With President Trump having to walk very lightly when it comes to China over trade, it appears that outside of a few minor tariffs, The Donald is seeking the path of least resistance to try to improve the long-standing trade deficit that has plagued the U.S. ever since NAFTA was passed.
And by this we mean President Trump is going to use the dollar as his catalyst to make U.S. goods cheaper overseas.
In fact this gauntlet appears to have been thrown down this morning when Treasury Secretary Steve Mnuchin officially put to bed Washington's decades long strong dollar policy.
Presidents going back to Ronald Reagan have all jawboned about it being U.S. policy to support a strong dollar, and up until the Fed began to finally raise rates back in 2015, the dollar has played its part in being much stronger than most global currencies. In fact up until recently, the dollar made mincemeat of both the Euro and the Pound Sterling, which saw each of them come closer to parity than at any time in the past several decades.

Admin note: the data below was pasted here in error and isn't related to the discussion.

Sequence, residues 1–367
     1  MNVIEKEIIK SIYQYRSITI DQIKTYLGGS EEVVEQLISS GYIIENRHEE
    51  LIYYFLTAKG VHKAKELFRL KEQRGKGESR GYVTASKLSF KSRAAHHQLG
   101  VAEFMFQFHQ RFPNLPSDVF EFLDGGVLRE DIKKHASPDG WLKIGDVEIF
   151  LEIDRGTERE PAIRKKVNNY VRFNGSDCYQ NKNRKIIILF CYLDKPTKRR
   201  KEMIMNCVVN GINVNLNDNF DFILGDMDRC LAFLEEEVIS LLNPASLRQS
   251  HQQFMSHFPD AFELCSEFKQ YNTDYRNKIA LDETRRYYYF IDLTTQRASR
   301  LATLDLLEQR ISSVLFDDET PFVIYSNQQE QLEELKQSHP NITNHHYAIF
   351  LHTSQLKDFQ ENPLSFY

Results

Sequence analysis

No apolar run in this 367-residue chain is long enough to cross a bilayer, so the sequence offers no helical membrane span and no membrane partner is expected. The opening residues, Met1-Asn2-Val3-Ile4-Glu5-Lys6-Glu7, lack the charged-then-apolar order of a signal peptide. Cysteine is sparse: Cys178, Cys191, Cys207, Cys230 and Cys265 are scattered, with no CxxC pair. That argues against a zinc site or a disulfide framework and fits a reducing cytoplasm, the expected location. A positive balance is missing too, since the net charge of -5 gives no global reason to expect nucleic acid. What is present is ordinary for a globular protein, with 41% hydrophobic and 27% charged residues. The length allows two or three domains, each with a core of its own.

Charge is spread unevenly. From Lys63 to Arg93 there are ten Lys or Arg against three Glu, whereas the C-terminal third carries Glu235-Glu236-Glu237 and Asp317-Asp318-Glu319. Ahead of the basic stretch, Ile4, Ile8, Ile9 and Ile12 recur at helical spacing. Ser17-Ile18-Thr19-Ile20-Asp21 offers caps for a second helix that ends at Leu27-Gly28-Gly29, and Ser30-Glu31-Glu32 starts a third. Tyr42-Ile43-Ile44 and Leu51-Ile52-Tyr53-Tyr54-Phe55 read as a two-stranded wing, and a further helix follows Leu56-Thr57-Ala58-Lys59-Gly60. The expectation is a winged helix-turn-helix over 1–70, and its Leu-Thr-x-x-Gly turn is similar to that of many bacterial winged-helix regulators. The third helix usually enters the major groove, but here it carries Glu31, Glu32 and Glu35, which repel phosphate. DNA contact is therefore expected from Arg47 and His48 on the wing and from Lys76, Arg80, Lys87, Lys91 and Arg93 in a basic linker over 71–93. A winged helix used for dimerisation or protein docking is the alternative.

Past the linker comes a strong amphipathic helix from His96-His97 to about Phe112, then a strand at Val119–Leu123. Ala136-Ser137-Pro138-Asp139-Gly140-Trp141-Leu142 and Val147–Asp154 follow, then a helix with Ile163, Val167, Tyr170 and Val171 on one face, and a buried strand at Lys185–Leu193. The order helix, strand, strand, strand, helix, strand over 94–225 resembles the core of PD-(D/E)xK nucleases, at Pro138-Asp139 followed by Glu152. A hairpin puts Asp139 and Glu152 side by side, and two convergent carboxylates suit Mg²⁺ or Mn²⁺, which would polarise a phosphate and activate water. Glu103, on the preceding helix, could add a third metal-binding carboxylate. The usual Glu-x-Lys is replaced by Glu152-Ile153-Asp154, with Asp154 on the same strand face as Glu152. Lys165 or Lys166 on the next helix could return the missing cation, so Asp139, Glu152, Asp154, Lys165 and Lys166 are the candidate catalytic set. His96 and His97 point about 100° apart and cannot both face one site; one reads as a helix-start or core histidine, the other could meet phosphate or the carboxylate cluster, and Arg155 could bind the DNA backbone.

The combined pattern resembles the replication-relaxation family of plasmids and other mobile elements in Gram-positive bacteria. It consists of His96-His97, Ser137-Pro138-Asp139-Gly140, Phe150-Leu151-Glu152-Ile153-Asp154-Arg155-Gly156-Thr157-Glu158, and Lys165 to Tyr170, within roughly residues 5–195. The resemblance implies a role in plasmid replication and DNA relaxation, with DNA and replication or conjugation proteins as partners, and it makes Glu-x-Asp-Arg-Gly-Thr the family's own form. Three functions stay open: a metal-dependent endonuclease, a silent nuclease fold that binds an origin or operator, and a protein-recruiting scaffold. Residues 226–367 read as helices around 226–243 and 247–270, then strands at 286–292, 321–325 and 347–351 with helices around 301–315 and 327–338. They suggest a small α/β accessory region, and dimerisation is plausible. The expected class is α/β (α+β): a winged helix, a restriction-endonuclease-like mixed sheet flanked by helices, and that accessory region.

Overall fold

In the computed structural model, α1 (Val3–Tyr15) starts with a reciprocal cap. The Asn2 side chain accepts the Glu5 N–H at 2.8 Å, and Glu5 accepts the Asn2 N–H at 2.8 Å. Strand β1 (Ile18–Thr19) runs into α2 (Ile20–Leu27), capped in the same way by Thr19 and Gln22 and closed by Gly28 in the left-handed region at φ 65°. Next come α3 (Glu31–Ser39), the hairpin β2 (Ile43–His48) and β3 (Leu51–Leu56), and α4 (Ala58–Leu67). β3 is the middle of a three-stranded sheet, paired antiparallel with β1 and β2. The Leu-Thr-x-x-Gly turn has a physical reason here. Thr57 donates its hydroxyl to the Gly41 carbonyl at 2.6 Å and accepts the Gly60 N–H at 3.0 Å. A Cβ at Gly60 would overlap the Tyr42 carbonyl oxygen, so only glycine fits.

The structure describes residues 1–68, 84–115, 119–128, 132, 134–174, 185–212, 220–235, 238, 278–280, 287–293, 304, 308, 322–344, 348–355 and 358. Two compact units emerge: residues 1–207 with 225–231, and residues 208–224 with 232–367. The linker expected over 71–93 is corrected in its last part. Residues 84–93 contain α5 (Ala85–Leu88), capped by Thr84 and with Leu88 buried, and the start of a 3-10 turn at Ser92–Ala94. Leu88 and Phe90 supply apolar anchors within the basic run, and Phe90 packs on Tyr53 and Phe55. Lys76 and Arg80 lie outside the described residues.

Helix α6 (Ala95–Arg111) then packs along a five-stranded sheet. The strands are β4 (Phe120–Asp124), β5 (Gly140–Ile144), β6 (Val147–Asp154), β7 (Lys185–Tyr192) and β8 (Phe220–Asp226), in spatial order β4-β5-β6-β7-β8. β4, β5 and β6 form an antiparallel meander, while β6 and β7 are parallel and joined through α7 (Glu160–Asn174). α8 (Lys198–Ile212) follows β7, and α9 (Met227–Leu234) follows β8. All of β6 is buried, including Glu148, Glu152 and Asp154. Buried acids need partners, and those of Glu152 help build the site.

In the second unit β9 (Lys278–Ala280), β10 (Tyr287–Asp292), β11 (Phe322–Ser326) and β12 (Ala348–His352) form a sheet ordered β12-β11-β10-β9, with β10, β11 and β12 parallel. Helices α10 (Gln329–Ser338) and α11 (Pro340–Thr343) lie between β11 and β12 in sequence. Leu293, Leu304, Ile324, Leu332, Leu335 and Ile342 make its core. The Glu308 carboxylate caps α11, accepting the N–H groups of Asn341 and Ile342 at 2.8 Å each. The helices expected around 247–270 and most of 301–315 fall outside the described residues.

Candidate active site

Needless to say however, it did not take much rhetoric from either President Trump or Secretary Mnuchin to send the dollar spiraling over a cliff. Yet what it did do was slice away the very thin veneer that had held the reserve currency above 90 on the Dollar Index, leading to what should be a swift fall down into the lower 80's.
For China this change in policy will have profound effects for their economy in the short and medium terms since they have been hesitant over the past two years to devalue their currency as it continues to get stronger and stronger. But within the next two quarters however, the Far Eastern power will certainly have to act as it digests whether a weak dollar ends up just having moderate consequences for their exports, or whether they must react with strength in either their own currency, or in attacking the dollar's underlying authority.
In the end Donald Trump is simply following through with what he outlined he would do during his campaign, and it is inevitably the best salvo the White House can lobby at China to force a decline in the trade deficit. But outside of the effects a weaker dollar will have on trade, the real issue will come in how it affects inflation on global commodities, since we know from recent history between 2009 and 2011 that a very weak dollar came to spark $145 oil, and record high commodity prices.